Apple said its annual developers conference would take place entirely online this year, joining a growing list of companies that are canceling big, in-person events as the coronavirus spreads.
Thousands of engineers and customers attend the Worldwide Developers Conference, or WWDC, which is in its 31st year.
Apple said it would give $1 million to organizations in San Jose, California, to help with the money they would lose from Apple canceling the in-person event. The event had been held in San Jose for the past few years.
Google and Facebook also canceled their flagship developers conferences in the face of coronavirus health concerns.
Meanwhile, Berkshire Hathaway chairman Warren Buffett told shareholders Friday that they won't be allowed to physically attend the company's May 2 annual meeting in Omaha, Nebraska, because of the coronavirus threat.
The virus has infected 137,000 people worldwide. Most patients have only mild or moderate symptoms, but the elderly and people with existing health conditions are particularly vulnerable. More than 5,000 have died.
Among other ways the virus is impacting businesses:
FLYING LOW: Delta is slashing its flying by 40% to handle an unprecedented nosedive in air travel demand. It's the largest cut in Delta's history.
CEO Ed Bastian said the downturn in demand is unlike anything the company has ever seen, not even after the Sept. 11 attacks. He said he's optimistic about getting help from the White House and Congress. But, he said, Delta can't wait for Washington to act, so it is preserving cash and cutting costs.
Treasury Secretary Steven Mnuchin said Washington will consider aid for the airline industry. “Just as after Sept. 11, we are very committed to make sure that our U.S. airlines have the ability and have the liquidity to get through this," Mnuchin told CNBC.
The federal government provided aid including loan guarantees to U.S. airlines after the terror attacks of Sept. 11, 2001, when the number of people flying also dropped sharply.
GETTING ONLINE: U.S. phone and cable companies say that they won't cut off home-internet and cellphone service for people and small businesses that are unable to pay because of the coronavirus pandemic, which is causing workplace shutdowns and layoffs. They'll also waive late fees and make their networks of Wi-Fi hotspots available to the public.
The companies acted at the request of Federal Communications Commission Chairman Ajit Pai, who is also encouraging — but not requiring — them to take further steps to make sure people can stay connected to each other, their schools, jobs and doctors as the country increasingly shuts down.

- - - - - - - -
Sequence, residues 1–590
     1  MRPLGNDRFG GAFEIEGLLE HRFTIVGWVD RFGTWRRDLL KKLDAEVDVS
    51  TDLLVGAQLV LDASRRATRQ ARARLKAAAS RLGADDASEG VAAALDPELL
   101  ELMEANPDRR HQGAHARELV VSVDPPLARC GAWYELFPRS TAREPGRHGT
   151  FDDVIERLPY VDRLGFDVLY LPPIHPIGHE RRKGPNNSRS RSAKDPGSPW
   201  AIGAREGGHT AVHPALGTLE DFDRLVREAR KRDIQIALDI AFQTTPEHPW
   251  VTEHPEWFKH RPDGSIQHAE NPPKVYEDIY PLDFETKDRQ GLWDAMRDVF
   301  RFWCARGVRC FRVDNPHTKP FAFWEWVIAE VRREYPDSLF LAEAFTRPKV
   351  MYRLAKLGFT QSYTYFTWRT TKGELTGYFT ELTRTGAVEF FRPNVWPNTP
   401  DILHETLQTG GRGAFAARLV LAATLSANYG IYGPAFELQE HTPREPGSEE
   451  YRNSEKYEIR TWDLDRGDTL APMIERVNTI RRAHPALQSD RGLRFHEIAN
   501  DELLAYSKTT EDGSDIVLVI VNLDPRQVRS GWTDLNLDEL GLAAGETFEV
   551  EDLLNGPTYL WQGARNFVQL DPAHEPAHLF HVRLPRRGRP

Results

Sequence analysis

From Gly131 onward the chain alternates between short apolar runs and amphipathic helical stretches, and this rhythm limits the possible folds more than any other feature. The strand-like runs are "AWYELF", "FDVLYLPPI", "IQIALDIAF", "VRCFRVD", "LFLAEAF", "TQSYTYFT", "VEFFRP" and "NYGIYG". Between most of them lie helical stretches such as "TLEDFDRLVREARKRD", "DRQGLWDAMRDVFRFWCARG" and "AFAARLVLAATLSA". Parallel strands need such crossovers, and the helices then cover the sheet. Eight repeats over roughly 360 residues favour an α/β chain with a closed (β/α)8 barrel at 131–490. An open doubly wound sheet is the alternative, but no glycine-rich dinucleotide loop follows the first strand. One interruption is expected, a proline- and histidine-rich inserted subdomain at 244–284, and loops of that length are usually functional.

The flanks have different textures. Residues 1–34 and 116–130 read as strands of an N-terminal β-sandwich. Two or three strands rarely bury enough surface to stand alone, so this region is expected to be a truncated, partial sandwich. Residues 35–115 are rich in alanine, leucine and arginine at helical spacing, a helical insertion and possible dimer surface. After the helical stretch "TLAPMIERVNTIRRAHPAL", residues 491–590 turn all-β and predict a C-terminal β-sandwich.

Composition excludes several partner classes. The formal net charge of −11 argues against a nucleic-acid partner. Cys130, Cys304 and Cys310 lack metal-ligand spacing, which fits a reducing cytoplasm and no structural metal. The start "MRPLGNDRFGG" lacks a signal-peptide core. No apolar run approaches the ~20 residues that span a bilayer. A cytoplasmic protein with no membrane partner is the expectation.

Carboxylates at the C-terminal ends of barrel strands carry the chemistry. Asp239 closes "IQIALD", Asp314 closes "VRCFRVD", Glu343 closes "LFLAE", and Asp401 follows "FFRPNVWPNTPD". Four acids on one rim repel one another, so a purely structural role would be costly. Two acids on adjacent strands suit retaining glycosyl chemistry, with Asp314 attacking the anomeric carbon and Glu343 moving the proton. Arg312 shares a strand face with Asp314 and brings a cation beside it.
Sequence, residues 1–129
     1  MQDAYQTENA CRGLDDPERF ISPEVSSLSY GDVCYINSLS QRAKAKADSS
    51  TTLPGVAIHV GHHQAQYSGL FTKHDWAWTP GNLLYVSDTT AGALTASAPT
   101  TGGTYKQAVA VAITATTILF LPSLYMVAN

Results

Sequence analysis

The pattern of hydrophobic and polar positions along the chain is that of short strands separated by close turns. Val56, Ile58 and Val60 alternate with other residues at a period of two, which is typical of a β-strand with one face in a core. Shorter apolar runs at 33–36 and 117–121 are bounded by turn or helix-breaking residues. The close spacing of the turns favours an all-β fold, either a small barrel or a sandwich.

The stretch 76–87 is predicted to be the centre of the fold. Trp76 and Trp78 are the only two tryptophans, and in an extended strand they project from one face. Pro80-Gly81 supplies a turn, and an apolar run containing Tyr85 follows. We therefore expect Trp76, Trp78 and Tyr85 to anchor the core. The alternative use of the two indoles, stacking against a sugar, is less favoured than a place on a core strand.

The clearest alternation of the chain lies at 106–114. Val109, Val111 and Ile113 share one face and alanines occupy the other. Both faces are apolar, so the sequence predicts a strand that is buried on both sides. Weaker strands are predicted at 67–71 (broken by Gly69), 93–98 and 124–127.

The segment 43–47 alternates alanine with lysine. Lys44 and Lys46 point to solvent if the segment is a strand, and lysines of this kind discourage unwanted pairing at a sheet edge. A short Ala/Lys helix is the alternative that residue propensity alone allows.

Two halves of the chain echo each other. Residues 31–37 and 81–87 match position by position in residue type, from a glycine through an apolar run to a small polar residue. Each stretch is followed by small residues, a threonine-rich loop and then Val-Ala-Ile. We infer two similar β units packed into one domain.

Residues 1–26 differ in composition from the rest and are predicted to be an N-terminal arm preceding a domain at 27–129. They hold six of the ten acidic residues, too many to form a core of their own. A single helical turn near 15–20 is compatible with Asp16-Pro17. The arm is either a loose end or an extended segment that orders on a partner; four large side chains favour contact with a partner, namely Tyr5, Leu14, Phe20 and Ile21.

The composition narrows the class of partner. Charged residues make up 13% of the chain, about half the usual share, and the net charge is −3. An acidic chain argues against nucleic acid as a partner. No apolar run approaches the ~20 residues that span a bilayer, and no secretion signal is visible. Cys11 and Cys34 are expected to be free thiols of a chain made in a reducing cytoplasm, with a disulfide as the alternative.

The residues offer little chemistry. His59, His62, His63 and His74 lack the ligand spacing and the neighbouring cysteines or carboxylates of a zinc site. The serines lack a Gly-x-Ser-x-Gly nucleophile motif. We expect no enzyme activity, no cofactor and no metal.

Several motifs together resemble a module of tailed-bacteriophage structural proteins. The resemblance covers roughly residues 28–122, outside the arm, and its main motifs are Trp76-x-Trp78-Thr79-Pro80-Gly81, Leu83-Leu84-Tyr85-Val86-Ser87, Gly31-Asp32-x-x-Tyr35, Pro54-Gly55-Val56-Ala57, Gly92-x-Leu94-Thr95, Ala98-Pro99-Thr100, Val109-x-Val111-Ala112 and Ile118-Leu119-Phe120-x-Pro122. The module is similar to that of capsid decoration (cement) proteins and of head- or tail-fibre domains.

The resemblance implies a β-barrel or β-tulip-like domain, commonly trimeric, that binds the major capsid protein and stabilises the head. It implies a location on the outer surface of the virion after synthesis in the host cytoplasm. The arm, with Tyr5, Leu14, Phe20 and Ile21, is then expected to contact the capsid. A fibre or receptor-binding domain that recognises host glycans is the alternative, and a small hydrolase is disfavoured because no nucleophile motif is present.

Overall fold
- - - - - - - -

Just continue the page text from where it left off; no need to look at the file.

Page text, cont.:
He suggested that the internet service providers increase and improve their low-cost internet offerings for low-income people, relax their data caps and try to help schools and libraries with remote learning, for example.
FCC Commissioner Jessica Rosenworcel, a Democrat, has called on the FCC to do more to help families whose children's schools have shut down, like beefing up a program that helps schools loan Wi-Fi hotspots to kids stuck at home. The AP has found that 3 million students have no internet access at home.
Some companies are taking additional steps like those Pai suggested. Cable companies Comcast and Cox are boosting internet speeds on their low-cost plans and offering one or two months of free service for new low-income customers. AT&T is waiving fees if people go over home-internet data caps.
The development comes as Ford and General Motors are asking white collar employees to work from home if possible, starting Monday. Factory workers for both companies still must report. Fiat Chrysler says it's accelerating deployment of remote working.
AT THE MOVIES: AMC Theaters and Regal Cinemas, the country's two largest movie theater chains, plan to fill their theaters no more than 50%. AMC said it would begin the policy Saturday and keep it until the end of April to help facilitate social distancing. In larger auditoriums, the chain will no longer sell more than 250 tickets for a showing.
Meanwhile, The Walt Disney Co. says its shutting down many of its live-action productions, including “The Little Mermaid” and Ridley Scott’s “The Last Duel,” due to the coronavirus. It has delayed the releases of several upcoming films, including “Mulan.”
IMF STAFFERS SENT HOME: The International Monetary Fund said Friday that a staff member had tested positive for the coronavirus. As a result, all staffers at the IMF's Washington, D.C., headquarters have been advised to work from home until further notice. The 189-nation lending institution said that the staffer who has been diagnosed was self-isolating and receiving medical care. The IMF said all of its staff missions to European countries with a large number of coronavirus cases had been suspended and only essential travel will be allowed to other countries. Even with headquarters staff working from home, the IMF said the agency remained fully operational in terms of helping its member countries.